SIA PID-01-1995.12 (2000.06) | SIA Point Identification Multiplex Protocol - Security and Life Safety Applications - Addressable

Scope and Benefits

This standard defines the SIA protocol for addressable multiplex, sensor, control and annunciation modules for Security and Life Safety systems. This protocol utilizes two way digital transmission scheme, which can be implemented at low cost over a two wire trunk. The trunk also supplies power to the remote devices.

The protocol command set and response data allows highly reliable, error resistant transport of both analog and digital messages with fast response mode for any sensor or device in the alarm condition.

Devices may be interfaced to the trunk in any order in a single ended or loop configurations.

This protocol has been designed to work in life safety, security, and combination life safety and security systems. The protocol incorporates: an 8 bit address field, 16 different bus cycle codes, a priority alarm capability, expansion field, 256 different device types (each with 4 control and 4 status bits), an 8 bit analog data field, and extensive error detection through address echoing, double polling and a Cyclic Redundancy Check (CRC).

The analog addressable protocol allows sensors (remote units) to be connected to a 12 or 24 Volt two-wire multiplexed trunk that carries both power and data between the control panel and the remote units. This trunk may be configured as a class A (fault tolerant ring) or class B. Spurs or "T" taps are allowed. Sensor addresses can be in any order. Average normal power consumption in this two wire configuration should be less than 1 mA per sensor and the maximum normal trunk current should be less than 100mA otherwise the total reach of the systems may be severely limited by the ohmic drop of the cable.

A two-way communication link is established by voltage Pulse Code Modulation (PCM) from the control unit and synchronous current pulsing from the remote units. The communications between the panel and remote units is set up as a master/slave link which consists of the panel polling a particular address or group of addresses followed by the synchronous response of the addressed unit. All actions of the remote units are controlled by the control panel. This allows the control panel to continually monitor the presence and functionality of all attached units, and to modify the alarm processing algorithms as needed per location. The address of each remote unit is an 8 bit value that is programmable. Each device responds to the control unit by executing commands, sending digitized sensor readings, and confirming local addresses. The sensor readings sent back to the control unit are the present analog output of the sensor in a digitized format. Or in the case of a non-analog device, is an 8 bit value indicating the present sensor status. Data transfers between the control unit and the remote unit are validated through the use of a 4 bit CRC, and an address echo data field. All commands to the remote unit will be further validated through the use of double polling. Since the remote units recognize their own address, interrogation of the units can be done in any order.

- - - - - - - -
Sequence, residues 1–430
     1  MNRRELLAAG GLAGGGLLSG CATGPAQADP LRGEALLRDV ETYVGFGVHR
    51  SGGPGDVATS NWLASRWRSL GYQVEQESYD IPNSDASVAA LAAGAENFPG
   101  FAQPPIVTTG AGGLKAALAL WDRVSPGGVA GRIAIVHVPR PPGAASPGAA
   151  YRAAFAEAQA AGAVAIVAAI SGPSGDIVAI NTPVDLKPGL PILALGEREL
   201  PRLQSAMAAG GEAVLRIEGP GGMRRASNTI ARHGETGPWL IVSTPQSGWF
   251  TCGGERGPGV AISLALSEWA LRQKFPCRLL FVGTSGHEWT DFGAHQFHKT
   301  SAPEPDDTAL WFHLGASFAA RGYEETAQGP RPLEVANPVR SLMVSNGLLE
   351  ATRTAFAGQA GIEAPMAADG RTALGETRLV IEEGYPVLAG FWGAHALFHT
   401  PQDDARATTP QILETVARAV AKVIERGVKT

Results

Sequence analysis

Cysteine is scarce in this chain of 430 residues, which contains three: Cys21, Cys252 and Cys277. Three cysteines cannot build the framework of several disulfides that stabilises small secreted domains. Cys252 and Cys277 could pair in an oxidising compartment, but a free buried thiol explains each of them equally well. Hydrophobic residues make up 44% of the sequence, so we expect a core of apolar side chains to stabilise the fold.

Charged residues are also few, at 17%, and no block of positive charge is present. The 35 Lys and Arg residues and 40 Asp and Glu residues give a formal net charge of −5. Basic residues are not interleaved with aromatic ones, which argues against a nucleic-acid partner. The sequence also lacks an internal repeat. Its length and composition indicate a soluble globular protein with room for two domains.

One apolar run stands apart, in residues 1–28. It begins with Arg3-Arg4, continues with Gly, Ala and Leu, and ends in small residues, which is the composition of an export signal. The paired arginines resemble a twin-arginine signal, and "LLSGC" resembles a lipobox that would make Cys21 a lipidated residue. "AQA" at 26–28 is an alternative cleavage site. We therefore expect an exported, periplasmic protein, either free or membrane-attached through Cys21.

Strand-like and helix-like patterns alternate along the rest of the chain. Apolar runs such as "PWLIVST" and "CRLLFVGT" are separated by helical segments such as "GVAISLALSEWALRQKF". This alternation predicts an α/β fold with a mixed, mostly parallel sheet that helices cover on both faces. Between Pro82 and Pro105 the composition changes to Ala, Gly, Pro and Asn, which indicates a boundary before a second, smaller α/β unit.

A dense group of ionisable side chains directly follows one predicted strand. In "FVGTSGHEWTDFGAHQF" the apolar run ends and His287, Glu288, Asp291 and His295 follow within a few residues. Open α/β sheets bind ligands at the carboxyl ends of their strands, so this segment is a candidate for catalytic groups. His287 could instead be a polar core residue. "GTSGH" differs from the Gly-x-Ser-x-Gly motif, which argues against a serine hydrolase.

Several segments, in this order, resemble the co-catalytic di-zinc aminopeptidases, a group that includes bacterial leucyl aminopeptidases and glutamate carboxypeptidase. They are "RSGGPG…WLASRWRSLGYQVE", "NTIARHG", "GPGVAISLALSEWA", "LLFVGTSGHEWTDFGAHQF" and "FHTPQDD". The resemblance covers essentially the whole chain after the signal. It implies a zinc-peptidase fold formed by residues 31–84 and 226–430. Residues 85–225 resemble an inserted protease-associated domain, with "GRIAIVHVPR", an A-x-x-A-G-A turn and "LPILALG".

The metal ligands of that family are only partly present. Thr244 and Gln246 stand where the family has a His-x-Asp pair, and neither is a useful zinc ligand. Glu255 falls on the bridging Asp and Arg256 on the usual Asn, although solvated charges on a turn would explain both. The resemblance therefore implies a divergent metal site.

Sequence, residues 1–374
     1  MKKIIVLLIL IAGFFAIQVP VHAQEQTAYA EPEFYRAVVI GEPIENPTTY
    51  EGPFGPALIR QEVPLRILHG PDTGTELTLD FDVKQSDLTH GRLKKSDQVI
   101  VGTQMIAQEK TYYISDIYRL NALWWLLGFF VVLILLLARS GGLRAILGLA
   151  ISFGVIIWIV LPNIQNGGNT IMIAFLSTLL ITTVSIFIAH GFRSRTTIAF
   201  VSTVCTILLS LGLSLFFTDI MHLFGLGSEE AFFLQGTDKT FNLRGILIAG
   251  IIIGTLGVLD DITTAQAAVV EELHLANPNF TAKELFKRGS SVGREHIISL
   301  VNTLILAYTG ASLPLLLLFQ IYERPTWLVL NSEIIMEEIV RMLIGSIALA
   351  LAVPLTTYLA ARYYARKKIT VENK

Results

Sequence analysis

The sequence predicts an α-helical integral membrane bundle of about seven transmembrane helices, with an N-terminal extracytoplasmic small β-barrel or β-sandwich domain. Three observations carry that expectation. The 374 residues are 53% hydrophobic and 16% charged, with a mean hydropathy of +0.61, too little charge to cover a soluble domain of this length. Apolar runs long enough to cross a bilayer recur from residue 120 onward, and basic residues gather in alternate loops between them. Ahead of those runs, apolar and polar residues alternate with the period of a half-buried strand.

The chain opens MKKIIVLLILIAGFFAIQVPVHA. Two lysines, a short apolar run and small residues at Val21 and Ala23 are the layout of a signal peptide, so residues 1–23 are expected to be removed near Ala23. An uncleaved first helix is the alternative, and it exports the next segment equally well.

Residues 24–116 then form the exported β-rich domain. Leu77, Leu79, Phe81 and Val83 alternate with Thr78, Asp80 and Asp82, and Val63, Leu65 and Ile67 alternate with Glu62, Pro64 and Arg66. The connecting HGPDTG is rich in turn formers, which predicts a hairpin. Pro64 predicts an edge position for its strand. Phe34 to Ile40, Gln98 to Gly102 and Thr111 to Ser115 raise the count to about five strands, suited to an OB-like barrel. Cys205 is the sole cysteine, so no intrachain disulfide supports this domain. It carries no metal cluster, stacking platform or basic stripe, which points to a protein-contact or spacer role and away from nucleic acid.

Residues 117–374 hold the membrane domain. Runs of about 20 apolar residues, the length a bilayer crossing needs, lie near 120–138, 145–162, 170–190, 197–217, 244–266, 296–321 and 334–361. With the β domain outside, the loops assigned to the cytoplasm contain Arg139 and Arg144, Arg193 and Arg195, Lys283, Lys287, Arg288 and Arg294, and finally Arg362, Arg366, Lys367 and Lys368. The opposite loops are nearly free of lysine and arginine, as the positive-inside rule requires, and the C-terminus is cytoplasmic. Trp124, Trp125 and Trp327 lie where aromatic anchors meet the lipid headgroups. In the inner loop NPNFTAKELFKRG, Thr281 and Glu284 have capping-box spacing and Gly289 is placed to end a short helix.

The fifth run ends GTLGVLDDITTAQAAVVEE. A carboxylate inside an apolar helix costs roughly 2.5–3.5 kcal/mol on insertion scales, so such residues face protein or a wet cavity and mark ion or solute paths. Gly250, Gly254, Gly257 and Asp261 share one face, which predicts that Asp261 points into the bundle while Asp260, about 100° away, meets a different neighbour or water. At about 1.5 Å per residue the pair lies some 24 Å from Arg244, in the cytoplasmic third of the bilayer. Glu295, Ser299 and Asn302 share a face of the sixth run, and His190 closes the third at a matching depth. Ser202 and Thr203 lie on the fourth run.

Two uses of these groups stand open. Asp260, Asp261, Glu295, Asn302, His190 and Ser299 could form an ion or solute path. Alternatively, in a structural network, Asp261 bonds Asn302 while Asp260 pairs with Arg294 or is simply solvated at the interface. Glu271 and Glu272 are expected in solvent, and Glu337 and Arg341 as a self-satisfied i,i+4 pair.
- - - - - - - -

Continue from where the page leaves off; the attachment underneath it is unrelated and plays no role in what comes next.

Year Published




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